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The Forgotten Running Muscle

The most commonly under trained muscle in runners is the soleus muscle. There are two muscles that make up our calves. One of them is the gastrocnemius and the other is the soleus. The gastroc muscle is larger and the one we can see and feel, where the soleus is a little smaller and sits behind the gastroc muscle. Both are powerful muscles that act to plantar flex the foot (point the toe downward) and are vital in running, walking, jumping, and keeping balance.

The soleus runs from just below your knee to your heel behind your leg, attaching at the top of the tibia and fibula leg bones (right at your knee joint) and inserting at the achilles tendon (by your heel). Predominantly a slow-twitch muscle, resistant to fatigue, it can be used for explosive movements as well. Injury to the soleus muscle is more common in older athletes and is often underestimated by all athletes.

What Makes it Important For Running?

When we run our body has to absorb and support up to 12x our body weight with each step. That’s a lot of load! While the soleus muscle doesn’t have the sprinting power that the gastroc does, it’s time to shine is in longer distance runs. The soleus bears the majority of the load during running in comparison to the gastrocnemius.

For runners the soleus:

  • The soleus propels us forward during running and walking

  • Bears most of the load from running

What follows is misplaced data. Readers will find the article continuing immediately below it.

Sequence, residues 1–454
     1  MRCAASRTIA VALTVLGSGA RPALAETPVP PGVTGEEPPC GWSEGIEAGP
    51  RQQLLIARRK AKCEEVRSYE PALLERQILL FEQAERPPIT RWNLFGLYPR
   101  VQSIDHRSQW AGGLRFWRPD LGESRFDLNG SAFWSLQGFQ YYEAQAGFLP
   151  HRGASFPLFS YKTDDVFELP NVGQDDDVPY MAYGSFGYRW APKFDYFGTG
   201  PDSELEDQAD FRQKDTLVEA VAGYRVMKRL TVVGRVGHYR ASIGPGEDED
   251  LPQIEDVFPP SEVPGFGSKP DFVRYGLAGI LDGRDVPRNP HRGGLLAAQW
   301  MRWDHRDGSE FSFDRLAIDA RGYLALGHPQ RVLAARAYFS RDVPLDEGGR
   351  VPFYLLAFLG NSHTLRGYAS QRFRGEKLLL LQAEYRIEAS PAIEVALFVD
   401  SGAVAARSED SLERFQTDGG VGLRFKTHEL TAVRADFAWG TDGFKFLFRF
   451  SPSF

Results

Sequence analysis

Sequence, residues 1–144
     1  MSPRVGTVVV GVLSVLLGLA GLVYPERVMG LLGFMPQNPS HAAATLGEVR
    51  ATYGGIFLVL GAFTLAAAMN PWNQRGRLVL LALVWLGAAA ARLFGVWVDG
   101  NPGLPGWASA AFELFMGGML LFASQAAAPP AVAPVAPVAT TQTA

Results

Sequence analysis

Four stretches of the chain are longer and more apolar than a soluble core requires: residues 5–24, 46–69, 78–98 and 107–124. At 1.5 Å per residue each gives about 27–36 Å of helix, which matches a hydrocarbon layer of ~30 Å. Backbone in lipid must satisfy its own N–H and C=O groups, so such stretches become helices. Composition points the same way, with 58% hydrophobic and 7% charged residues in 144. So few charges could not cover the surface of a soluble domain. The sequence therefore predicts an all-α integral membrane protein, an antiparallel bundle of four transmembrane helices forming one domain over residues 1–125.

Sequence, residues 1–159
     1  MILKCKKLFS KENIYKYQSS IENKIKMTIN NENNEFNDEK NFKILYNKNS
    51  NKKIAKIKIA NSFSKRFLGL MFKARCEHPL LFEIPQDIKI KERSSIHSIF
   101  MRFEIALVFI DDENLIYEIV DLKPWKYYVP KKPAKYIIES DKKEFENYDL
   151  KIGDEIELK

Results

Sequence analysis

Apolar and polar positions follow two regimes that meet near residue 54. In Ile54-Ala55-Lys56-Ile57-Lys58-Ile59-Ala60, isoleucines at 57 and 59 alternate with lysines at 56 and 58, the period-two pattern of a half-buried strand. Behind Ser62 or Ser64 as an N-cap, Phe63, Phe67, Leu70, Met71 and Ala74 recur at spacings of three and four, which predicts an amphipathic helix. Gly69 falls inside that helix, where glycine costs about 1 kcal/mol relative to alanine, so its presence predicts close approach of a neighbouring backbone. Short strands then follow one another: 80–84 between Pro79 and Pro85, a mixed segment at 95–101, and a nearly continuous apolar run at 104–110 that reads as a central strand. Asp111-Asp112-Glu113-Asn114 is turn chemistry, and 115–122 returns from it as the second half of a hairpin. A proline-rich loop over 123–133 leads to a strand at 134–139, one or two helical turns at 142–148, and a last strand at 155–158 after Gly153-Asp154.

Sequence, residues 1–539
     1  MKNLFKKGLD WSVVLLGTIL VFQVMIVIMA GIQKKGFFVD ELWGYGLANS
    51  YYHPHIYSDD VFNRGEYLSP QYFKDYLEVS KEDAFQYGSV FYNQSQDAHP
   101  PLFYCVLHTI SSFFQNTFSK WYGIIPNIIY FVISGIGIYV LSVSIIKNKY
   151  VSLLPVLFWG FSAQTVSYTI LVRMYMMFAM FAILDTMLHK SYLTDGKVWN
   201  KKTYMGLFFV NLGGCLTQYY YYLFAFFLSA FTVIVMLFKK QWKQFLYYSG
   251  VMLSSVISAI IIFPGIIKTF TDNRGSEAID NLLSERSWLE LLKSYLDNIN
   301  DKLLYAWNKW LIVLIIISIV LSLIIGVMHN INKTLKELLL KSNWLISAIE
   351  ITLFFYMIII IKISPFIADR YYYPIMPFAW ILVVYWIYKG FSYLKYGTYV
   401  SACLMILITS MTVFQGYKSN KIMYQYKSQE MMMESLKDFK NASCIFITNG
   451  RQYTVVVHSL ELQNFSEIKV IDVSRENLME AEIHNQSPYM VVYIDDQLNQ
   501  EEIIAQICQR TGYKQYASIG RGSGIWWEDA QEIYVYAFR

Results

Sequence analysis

• Is very resistant to fatigue

Tight Calf Muscles?

If the soleus is not strong enough to repetitively bear the load from running, the more we run the more likely the muscle is to fatigue causing the tightness that you feel. The tightness from fatigue is your body's way of sending a protective signal of stiffness or soreness to let you know. How do we fix it? We make it stronger!

How to Strengthen The Soleus:

In order to strengthen the soleus specifically, we have to take the gastrocnemius out of the mix. The way we do this is by performing bent knee (preferably at 90 degrees) exercises because the gastroc crosses the knee joint but the soleus does not. For example, adding bent knee calf raises to your exercises can help strengthen the soleus helping to prevent fatigue and tightness. If you don’t have access to a seated calf raise at your local gym, you can do these by sitting on a chair/bench, placing a dumbbell on your knee and doing a seated calf raise from there. Another option is to add calf raises into a wall sit where your knee is already bent at that 90 degrees.

Here is another great exercise that you can do to help strengthen your soleus and explanation for what it’s so important:

Happy Training!

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